'I couldn't stand under it, sir,' said Twigger; 'it would make mashed potatoes of me, if I attempted it.'
'Pooh, pooh, Twigger!' returned the Mayor. 'I tell you I have seen it done with my own eyes, in London, and the man wasn't half such a man as you are, either.'
'I should as soon have thought of a man's wearing the case of an eight-day clock to save his linen,' said Twigger, casting a look of apprehension at the brass suit.
'It's the easiest thing in the world,' rejoined the Mayor.
'It's nothing,' said Mr. Jennings.
'When you're used to it,' added Ned.
'You do it by degrees,' said the Mayor. 'You would begin with one piece to-morrow, and two the next day, and so on, till you had got it all on. Mr. Jennings, give Twigger a glass of rum. Just try the breast-plate, Twigger. Stay; take another glass of rum first. Help me to lift it, Mr. Jennings. Stand firm, Twigger! There!--it isn't half as heavy as it looks, is it?'
Twigger was a good strong, stout fellow; so, after a great deal of staggering, he managed to keep himself up, under the breastplate, and even contrived, with the aid of another glass of rum, to walk about in it, and the gauntlets into the bargain. He made a trial of the helmet, but was not equally successful, inasmuch as he tipped over instantly,--an accident which Mr. Tulrumble clearly demonstrated to be occasioned by his not having a counteracting weight of brass on his legs.
'Now, wear that with grace and propriety on Monday next,' said Tulrumble, 'and I'll make your fortune.'
'I'll try what I can do, sir,' said Twigger.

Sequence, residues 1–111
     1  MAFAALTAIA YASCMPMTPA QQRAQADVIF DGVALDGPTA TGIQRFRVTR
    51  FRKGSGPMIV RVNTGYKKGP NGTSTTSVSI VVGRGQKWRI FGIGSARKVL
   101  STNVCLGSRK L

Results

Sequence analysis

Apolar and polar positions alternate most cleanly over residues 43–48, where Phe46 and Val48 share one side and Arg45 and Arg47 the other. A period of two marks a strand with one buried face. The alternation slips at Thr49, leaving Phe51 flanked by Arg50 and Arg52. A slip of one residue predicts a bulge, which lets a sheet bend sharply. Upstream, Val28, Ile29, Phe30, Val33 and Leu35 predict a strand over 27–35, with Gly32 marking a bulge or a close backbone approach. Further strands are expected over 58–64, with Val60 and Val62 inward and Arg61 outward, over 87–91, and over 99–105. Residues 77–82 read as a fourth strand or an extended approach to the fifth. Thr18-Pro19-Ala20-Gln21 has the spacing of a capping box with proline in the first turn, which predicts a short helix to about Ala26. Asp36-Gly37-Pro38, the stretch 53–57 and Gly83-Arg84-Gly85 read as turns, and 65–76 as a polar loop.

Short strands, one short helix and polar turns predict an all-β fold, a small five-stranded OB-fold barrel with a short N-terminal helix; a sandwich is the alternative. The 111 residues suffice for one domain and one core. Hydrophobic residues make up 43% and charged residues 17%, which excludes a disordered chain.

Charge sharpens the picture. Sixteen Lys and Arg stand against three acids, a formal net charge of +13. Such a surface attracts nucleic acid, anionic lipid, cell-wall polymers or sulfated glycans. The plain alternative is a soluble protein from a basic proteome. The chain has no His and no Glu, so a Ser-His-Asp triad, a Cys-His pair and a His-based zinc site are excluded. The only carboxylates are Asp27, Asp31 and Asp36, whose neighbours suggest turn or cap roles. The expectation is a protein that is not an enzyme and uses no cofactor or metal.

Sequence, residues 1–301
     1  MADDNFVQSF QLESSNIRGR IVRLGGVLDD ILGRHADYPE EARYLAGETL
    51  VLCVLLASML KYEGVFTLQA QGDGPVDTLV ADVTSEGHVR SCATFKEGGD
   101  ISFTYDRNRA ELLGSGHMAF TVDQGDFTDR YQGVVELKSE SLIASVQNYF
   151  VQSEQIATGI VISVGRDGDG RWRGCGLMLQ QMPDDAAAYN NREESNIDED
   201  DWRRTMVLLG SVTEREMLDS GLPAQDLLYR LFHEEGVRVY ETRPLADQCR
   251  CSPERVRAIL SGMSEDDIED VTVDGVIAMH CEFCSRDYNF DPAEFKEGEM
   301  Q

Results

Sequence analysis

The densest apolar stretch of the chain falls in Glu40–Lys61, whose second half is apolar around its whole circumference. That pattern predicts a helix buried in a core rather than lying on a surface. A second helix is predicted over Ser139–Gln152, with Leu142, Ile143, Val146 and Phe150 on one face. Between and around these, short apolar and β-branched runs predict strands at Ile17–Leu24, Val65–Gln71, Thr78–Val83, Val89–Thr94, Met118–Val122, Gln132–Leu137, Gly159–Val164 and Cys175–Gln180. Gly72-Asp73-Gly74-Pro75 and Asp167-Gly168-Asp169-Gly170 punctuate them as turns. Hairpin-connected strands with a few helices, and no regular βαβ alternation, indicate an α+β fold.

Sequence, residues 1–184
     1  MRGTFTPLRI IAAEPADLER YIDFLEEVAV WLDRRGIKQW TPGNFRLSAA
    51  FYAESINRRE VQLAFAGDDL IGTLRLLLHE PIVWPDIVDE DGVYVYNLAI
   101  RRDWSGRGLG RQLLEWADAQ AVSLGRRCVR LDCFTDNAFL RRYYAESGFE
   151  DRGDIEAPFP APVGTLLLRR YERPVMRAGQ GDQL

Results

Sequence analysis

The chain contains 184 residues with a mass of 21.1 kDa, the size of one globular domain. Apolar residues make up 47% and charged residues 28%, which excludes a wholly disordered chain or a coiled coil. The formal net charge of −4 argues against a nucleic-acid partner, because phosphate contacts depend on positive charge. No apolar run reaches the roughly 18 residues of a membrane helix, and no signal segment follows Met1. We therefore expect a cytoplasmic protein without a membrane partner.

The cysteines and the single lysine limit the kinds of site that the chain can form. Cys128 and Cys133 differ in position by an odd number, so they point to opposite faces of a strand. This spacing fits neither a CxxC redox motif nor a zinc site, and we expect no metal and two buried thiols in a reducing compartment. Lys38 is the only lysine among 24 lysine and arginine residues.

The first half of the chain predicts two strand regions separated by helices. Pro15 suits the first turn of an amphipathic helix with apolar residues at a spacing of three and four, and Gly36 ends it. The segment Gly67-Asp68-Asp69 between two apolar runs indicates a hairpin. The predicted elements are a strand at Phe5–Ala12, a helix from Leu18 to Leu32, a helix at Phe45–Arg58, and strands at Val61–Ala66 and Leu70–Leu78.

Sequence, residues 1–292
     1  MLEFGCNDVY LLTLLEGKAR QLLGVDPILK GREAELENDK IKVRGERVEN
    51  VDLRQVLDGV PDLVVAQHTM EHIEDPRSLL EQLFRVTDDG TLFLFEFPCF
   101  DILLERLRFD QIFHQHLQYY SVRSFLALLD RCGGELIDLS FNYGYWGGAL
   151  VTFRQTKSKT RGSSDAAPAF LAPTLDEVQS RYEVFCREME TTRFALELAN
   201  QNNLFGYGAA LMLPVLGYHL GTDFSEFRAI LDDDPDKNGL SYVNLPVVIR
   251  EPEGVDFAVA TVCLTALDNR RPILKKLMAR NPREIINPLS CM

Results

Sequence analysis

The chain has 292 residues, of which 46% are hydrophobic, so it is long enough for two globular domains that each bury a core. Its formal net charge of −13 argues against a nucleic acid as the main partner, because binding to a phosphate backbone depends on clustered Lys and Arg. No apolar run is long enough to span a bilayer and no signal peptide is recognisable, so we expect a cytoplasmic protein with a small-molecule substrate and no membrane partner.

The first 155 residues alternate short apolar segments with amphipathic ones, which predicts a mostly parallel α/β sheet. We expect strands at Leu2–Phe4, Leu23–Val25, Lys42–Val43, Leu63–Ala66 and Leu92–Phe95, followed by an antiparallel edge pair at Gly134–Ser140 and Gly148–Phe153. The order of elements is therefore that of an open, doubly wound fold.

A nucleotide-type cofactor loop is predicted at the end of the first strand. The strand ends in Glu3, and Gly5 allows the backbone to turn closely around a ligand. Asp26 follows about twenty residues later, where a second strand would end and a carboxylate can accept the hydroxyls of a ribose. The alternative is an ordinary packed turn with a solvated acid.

'It must be kept a profound secret,' said Tulrumble.
'Of course, sir,' replied Twigger.
'And you must be sober,' said Tulrumble; 'perfectly sober.' Mr. Twigger at once solemnly pledged himself to be as sober as a judge, and Nicholas Tulrumble was satisfied, although, had we been Nicholas, we should certainly have exacted some promise of a more specific nature; inasmuch as, having attended the Mudfog assizes in the evening more than once, we can solemnly testify to having seen judges with very strong symptoms of dinner under their wigs. However, that's neither here nor there.
The next day, and the day following, and the day after that, Ned Twigger was securely locked up in the small cavern with the sky- light, hard at work at the armour. With every additional piece he could manage to stand upright in, he had an additional glass of rum; and at last, after many partial suffocations, he contrived to get on the whole suit, and to stagger up and down the room in it, like an intoxicated effigy from Westminster Abbey.
Never was man so delighted as Nicholas Tulrumble; never was woman so charmed as Nicholas Tulrumble's wife. Here was a sight for the common people of Mudfog! A live man in brass armour! Why, they would go wild with wonder!
The day--THE Monday--arrived.
If the morning had been made to order, it couldn't have been better adapted to the purpose. They never showed a better fog in London on Lord Mayor's day, than enwrapped the town of Mudfog on that eventful occasion. It had risen slowly and surely from the green and stagnant water with the first light of morning, until it reached a little above the lamp-post tops; and there it had stopped, with a sleepy, sluggish obstinacy, which bade defiance to the sun, who had got up very blood-shot about the eyes, as if he had been at a drinking-party over-night, and was doing his day's work with the worst possible grace. The thick damp mist hung over the town like a huge gauze curtain. All was dim and dismal. The church steeples had bidden a temporary adieu to the world below; and every object of lesser importance--houses, barns, hedges, trees, and barges--had all taken the veil.
The church-clock struck one. A cracked trumpet from the front garden of Mudfog Hall produced a feeble flourish, as if some asthmatic person had coughed into it accidentally; the gate flew open, and out came a gentleman, on a moist-sugar coloured charger, intended to represent a herald, but bearing a much stronger resemblance to a court-card on horseback.